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Itō Nisaburō (1905-2001)

Japanese Color Woodblock Printed Postcard

Tōjinbō 東尋坊

(set of six scenic views)

by Itō Nisaburō, c. 1960s

Arashiyama, Spring Scenery

IHL Cat. #2530

About These Postcards

Six woodblock-printed postcards designed by Itō Nisaburō (1905-2001), issued by Tōkōsha. It is likely these undated postcards were issued at about the same time as the postcard set Kurobe Gorge (IHL Cat. #2529), also designed by Itō Nisaburō

Each card carries the artist's "nisa" 二三 seal.

Tōjinbō Ooike
IHL Cat. #2530a
Oike Abyss Tojinbo

Fine Scenery of Tōjinbō
IHL Cat. #2530b
A Cliff of Unique Beauty "Tojinbo"

東尋坊 千畳敷
Senjō-jiki, Tōjinbō
IHL Cat. #2530c

Senjyo-Jiki Grand Rock Plain, Tojimbo

東尋坊 三段
Sandan heki, Tōjinbō
IHL Cat. #2530d
Sandan-Iwa Precipitous Cliff, Tojimbo

Sunset, Tōjinbō
IHL Cat. #2530e
A Sun-set Scene of Tojimbo

東尋坊 雄島
Ojima (aka Oshima and O Island), Tōjinbō
IHL Cat. #2530f
O-Jima Island. Tojinbo

About Tōjinbō
The Tōjinbō Cliffs are a Nationally Designated Place of Scenic Beauty composed of rare, pillared pyroxene andesite joints resultant from magma that cooled and hardened along the Echizen coastline, then was further shaped by being buffeted by ocean waves over the course of millions of years.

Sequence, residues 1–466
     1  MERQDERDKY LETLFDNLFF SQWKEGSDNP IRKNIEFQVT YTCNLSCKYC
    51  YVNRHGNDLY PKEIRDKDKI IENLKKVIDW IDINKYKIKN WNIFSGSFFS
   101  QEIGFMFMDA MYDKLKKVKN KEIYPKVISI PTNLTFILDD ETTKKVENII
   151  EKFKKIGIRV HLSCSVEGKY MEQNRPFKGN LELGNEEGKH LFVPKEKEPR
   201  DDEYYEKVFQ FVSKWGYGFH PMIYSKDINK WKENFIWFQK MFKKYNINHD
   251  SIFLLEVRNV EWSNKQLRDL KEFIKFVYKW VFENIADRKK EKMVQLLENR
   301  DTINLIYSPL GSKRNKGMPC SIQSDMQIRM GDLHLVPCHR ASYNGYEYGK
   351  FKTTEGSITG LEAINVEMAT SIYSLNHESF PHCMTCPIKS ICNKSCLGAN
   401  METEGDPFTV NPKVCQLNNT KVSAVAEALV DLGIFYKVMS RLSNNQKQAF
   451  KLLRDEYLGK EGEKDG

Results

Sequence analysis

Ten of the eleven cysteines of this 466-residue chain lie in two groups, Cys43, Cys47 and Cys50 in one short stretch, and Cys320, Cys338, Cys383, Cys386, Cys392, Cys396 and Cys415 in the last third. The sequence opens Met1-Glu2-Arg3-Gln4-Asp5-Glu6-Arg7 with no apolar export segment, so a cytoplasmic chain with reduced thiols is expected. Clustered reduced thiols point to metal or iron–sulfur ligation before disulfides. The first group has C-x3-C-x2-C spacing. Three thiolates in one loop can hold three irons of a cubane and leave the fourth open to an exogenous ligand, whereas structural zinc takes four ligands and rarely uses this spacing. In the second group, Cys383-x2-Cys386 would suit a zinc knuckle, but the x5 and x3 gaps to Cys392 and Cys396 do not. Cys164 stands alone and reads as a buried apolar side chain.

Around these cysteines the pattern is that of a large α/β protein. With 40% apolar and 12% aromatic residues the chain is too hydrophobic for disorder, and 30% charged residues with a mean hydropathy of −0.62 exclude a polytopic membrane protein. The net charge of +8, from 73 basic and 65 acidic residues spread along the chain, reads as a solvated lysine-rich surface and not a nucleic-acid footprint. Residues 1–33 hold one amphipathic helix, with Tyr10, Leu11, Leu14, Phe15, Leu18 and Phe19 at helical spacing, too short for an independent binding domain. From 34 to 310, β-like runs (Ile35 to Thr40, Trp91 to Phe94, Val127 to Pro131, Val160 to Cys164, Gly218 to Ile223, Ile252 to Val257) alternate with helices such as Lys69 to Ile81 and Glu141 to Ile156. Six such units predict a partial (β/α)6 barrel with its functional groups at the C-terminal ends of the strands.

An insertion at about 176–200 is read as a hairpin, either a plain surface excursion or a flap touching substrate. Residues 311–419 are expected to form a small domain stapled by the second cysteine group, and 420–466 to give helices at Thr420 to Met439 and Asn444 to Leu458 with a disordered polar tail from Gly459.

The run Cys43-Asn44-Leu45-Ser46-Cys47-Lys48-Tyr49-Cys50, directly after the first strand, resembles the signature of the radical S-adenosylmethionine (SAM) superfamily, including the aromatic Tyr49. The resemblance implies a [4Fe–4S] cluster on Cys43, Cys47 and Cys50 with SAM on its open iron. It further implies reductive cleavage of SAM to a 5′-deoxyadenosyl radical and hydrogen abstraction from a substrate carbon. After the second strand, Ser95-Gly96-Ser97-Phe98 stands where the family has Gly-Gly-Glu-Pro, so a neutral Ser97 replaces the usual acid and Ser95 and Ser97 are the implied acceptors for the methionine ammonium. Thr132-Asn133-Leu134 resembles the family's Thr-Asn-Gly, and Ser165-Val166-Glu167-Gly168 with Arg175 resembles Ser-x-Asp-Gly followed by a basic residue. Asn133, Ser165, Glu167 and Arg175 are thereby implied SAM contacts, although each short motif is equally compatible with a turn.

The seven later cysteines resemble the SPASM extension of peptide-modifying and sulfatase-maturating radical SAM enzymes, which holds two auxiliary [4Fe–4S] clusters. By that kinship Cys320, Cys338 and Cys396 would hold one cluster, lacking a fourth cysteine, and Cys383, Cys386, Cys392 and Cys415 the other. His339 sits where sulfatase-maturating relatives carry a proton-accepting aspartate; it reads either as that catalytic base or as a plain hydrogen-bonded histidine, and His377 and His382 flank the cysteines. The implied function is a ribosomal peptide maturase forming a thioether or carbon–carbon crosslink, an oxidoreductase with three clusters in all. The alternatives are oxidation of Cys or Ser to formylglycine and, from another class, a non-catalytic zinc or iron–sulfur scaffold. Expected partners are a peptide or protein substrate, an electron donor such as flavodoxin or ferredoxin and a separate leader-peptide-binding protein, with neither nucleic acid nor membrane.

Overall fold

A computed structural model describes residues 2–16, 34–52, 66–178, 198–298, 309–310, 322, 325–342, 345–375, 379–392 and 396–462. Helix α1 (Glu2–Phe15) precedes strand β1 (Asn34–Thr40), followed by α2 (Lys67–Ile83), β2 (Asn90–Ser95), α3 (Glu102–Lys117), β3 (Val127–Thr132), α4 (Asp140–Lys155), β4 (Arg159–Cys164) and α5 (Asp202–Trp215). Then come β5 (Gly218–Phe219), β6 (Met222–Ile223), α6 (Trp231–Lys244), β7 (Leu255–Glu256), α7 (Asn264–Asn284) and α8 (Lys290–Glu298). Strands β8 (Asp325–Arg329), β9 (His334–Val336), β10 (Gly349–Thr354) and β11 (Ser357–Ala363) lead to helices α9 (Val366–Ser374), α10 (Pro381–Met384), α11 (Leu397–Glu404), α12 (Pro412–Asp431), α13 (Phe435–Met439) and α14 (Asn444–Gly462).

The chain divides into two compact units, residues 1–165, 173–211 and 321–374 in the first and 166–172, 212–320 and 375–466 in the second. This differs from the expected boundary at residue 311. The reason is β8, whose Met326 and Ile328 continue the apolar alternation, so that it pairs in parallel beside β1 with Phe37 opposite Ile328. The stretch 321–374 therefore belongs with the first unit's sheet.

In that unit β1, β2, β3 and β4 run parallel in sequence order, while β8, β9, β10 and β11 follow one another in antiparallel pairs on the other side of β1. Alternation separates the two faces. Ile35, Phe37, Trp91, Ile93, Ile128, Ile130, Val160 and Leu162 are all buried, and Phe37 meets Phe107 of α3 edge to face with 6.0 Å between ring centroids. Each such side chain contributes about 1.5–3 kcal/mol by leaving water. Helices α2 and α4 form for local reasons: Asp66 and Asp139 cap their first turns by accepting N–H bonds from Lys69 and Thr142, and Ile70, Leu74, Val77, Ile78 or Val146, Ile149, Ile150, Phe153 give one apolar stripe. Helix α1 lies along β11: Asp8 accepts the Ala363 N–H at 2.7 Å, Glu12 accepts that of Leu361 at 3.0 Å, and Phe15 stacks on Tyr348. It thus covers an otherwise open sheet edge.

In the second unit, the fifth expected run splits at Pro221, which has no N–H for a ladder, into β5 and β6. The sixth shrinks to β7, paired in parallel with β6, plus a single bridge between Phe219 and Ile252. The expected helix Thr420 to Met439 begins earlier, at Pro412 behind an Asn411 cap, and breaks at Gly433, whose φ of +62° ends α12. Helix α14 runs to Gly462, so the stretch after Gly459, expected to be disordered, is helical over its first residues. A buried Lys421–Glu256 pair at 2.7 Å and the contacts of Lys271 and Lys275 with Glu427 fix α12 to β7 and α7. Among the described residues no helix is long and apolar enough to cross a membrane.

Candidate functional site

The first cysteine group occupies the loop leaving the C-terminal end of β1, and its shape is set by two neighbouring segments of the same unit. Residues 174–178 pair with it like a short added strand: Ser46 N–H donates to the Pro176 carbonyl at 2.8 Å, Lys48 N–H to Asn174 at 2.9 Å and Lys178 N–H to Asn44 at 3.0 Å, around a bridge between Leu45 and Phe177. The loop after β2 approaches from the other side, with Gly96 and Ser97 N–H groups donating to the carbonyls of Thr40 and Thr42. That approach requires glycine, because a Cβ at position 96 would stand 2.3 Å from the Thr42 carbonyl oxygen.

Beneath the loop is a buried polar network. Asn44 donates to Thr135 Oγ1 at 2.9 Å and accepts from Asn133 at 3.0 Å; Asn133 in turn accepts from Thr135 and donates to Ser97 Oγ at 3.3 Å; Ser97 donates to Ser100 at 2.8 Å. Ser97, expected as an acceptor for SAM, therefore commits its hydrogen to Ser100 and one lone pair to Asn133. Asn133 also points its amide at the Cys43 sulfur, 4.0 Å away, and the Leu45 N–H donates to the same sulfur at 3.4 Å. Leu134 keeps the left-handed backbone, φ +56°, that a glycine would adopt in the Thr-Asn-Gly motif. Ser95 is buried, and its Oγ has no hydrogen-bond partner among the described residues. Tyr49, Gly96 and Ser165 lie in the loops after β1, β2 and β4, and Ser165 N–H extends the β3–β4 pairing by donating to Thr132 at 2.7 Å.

The cliffs derive their name from a legendary Buddhist monk from nearby Heisenji Temple (Katsuyama City), Tōjinbō, who was thrown from the cliffs to his death for his immoral behavior and carousing.

Oshima, long revered locally as the “Island of the Gods,” is home to an evergreen forest of Japanese cedar and cinnamon trees. Ominato, the Shinto god enshrined there, is celebrated every year during Oshima Festival, which boasts a 1400-year history.


 IHL Catalog #2530 (#2530a-f)
 Title Tōjinbō woodblock prints of scenic spots 東尋坊 竒勝 木版画 
 Series set of six woodblock print postcards
 Itō Nisaburō (1905-2001)
 not signed
"nisa" seal 二三 (on each postcard near title)
 Publication Date after 1963, likely before 1970
 Edition unknown
 Impression excellent 
 Colors excellent
 Condition excellent - minor wear to postcard folder
 Genre shin hanga (new prints); ehagaki (picture postcard)
 H x W Paper folder closed: 7 1/2 x 4 11/16 in. (19.1 x 11.9 cm)
 each postcard: 5 11/16 x 4 1/8 in. (14.4 x 10.5 cm)
 H x W Image 
 Collections This Print 
 Reference Literature 
last revision:
7/25/2021 created